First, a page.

Cops living in Hoboken Housing Projects
Hoboken Housing Authority Men in Blue
The Hoboken Housing Authority has always enjoyed a good working relationship with the Hoboken Police Department, whose officers keep residents safe through community policing and by staffing a mini-precinct on Jackson Street. Now the housing authority has taken one more step toward bettering police-resident relations by establishing the Men in Blue program.
Pioneers of the program, Hoboken launched it in 2007, allowing law enforcement officers employed by any local, county or state agency, to live at the Hoboken Housing Authority. By living among the public housing residents, the officers, who must have arrest powers, serve as additional security.
“These officers have been effective in not only intervening but also deterring future problems from occurring,” said Hoboken Housing Authority Executive Director Carmelo Garcia, describing the Men in Blue program one of the most effective of its kind.
Hoboken Police Officer Kevin Cooney, a resident at Monroe Gardens on Jackson Street, has spent many nights speaking with his neighbors about safety, cleaning up his building, and, on occasion, making arrests.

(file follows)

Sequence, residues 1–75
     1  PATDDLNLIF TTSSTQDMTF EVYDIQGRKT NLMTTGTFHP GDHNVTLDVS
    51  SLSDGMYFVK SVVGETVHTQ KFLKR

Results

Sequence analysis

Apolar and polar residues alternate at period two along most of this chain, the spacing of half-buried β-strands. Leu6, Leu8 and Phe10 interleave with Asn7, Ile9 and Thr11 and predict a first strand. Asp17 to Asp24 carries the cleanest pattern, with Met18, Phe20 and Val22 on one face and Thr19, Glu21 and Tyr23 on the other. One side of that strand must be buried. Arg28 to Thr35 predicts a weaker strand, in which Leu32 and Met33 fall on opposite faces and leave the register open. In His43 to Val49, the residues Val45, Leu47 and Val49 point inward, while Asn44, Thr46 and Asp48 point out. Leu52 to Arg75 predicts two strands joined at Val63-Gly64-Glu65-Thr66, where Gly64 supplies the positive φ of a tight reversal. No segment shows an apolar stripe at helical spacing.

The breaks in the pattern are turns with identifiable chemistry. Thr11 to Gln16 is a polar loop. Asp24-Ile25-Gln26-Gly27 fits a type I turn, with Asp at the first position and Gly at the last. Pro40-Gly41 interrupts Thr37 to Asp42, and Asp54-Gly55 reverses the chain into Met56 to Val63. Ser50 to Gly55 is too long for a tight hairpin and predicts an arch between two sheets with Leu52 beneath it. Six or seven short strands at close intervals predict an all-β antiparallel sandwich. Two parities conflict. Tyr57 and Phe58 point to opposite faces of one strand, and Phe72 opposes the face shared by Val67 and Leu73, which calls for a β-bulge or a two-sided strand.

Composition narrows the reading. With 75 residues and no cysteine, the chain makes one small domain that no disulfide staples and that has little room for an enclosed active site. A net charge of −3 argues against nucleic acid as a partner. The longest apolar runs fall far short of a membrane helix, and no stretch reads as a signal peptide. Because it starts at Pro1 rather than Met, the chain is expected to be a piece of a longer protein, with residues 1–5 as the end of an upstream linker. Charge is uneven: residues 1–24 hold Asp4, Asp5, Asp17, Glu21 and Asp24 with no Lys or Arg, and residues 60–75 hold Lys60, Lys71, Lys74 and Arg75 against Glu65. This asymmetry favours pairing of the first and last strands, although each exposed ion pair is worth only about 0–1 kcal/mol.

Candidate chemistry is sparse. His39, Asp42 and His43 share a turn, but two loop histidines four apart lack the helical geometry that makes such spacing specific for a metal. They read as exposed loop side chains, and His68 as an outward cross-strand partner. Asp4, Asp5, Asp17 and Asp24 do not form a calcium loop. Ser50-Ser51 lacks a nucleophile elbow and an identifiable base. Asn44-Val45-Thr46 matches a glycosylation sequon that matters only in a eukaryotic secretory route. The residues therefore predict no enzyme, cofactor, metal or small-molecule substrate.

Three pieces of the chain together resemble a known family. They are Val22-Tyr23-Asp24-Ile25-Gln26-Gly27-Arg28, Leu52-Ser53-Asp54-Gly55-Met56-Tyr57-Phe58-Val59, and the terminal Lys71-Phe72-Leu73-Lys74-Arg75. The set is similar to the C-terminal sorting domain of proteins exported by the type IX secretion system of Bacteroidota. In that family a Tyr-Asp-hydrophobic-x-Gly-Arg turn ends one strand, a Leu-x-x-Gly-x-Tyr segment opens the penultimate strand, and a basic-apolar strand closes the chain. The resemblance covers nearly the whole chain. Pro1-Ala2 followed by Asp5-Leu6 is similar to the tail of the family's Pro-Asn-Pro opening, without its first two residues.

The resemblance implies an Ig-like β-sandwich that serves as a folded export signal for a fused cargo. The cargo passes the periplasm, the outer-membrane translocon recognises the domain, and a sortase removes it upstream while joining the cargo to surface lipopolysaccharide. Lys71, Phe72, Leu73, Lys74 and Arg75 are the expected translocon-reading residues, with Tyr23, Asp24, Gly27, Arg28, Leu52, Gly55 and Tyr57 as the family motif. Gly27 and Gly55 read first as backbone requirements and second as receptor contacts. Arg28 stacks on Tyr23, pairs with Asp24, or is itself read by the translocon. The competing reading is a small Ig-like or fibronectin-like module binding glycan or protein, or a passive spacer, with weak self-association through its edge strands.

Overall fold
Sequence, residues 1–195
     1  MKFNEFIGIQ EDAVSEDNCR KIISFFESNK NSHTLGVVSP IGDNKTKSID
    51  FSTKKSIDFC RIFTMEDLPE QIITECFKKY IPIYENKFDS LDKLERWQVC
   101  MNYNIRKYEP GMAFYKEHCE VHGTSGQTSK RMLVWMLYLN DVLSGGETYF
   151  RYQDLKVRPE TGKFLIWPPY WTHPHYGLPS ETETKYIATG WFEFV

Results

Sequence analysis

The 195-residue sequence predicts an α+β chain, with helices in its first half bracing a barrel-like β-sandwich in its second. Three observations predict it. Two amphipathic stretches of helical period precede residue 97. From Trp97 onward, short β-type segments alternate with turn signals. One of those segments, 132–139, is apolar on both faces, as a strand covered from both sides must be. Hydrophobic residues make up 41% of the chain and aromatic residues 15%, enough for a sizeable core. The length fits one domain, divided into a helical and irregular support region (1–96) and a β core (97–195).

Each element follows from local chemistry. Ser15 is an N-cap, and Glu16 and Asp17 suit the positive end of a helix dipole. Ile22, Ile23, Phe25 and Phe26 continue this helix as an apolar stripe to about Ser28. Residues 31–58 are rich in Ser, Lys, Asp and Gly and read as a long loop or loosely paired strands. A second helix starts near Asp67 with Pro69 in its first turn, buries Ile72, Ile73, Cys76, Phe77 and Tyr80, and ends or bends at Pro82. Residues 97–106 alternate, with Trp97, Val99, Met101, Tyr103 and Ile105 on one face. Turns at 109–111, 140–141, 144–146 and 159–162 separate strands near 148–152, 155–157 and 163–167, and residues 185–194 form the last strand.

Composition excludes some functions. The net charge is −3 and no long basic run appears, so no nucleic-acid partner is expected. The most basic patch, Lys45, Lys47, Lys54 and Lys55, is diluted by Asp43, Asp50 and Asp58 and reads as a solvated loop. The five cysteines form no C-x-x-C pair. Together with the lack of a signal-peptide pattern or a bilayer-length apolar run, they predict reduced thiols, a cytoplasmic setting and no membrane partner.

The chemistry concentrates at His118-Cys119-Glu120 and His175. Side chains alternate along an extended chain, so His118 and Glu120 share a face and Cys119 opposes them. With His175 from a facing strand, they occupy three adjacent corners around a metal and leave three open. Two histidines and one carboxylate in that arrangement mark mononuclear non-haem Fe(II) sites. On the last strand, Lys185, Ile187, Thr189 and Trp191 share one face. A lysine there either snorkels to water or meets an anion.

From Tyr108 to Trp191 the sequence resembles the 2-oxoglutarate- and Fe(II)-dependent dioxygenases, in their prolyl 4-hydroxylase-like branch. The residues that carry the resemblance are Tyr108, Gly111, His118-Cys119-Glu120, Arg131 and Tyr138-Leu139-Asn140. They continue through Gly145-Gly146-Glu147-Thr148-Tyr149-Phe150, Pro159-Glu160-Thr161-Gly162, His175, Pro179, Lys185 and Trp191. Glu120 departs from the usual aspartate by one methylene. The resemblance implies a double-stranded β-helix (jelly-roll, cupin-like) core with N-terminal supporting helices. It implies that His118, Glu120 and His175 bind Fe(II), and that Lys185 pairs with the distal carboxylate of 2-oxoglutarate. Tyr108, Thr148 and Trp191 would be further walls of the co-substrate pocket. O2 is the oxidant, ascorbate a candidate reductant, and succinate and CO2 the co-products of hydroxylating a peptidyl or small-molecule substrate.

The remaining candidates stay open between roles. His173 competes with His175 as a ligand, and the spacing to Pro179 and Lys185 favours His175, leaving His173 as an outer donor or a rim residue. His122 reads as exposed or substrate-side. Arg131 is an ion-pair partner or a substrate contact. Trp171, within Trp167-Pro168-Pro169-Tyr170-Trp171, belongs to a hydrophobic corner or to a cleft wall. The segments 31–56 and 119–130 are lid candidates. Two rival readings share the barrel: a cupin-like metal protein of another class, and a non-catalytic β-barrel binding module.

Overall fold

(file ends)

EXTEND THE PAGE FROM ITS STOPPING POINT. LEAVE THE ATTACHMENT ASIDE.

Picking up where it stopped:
“Living in the housing authority improves the relationship between the housing residents and the police department,” said Cooney. “It helps to show residents they are getting the same treatment and protection as everyone else in the city.”
In addition to Cooney, four other Hoboken police officers currently live in public housing – Angel Velez, Wilfredo Gomez, Jimmy Miller and James Perez.
Joe Caparino, of the Sheriff’s Department, resides at Fox Hill Gardens. The newest officer, a State Corrections officer, will lives at Harrison Gardens. Of the seven officers, three are assigned to the senior/disabled buildings, “our most vulnerable residents,” said Garcia.
Velez believes that by simply getting to know his neighbors, he is able to deter criminal activity. “If there are any problems, they know they can come to you.”
Hoboken’s Men in Blue program is an adaptation of the federal Housing and Urban Development Agency’s Good Neighbor Next Door Program, which encourages public servants to purchase single-family homes in neighborhoods undergoing revitalization.